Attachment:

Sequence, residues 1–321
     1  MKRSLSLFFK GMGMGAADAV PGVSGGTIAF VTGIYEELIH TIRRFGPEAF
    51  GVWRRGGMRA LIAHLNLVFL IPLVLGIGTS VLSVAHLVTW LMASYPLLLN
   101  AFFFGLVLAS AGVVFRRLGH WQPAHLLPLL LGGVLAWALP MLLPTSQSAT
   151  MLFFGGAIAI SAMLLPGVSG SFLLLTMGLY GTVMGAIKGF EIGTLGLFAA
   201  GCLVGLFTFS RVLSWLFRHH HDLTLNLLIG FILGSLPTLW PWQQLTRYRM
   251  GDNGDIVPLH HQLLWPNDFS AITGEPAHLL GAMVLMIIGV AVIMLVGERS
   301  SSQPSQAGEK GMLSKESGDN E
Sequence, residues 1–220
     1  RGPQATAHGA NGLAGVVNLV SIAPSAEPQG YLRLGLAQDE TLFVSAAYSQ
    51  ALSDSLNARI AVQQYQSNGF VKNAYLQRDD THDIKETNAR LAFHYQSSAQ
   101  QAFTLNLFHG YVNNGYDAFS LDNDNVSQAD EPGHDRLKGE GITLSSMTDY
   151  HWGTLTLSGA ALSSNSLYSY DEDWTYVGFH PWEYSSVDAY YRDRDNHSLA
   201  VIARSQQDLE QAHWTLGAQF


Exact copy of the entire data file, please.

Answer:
Sequence, residues 1–321
     1  MKRSLSLFFK GMGMGAADAV PGVSGGTIAF VTGIYEELIH TIRRFGPEAF
    51  GVWRRGGMRA LIAHLNLVFL IPLVLGIGTS VLSVAHLVTW LMASYPLLLN
   101  AFFFGLVLAS AGVVFRRLGH WQPAHLLPLL LGGVLAWALP MLLPTSQSAT
   151  MLFFGGAIAI SAMLLPGVSG SFLLLTMGLY GTVMGAIKGF EIGTLGLFAA
   201  GCLVGLFTFS RVLSWLFRHH HDLTLNLLIG FILGSLPTLW PWQQLTRYRM
   251  GDNGDIVPLH HQLLWPNDFS AITGEPAHLL GAMVLMIIGV AVIMLVGERS
   301  SSQPSQAGEK GMLSKESGDN E
Sequence, residues 1–220
     1  RGPQATAHGA NGLAGVVNLV SIAPSAEPQG YLRLGLAQDE TLFVSAAYSQ
    51  ALSDSLNARI AVQQYQSNGF VKNAYLQRDD THDIKETNAR LAFHYQSSAQ
   101  QAFTLNLFHG YVNNGYDAFS LDNDNVSQAD EPGHDRLKGE GITLSSMTDY
   151  HWGTLTLSGA ALSSNSLYSY DEDWTYVGFH PWEYSSVDAY YRDRDNHSLA
   201  VIARSQQDLE QAHWTLGAQF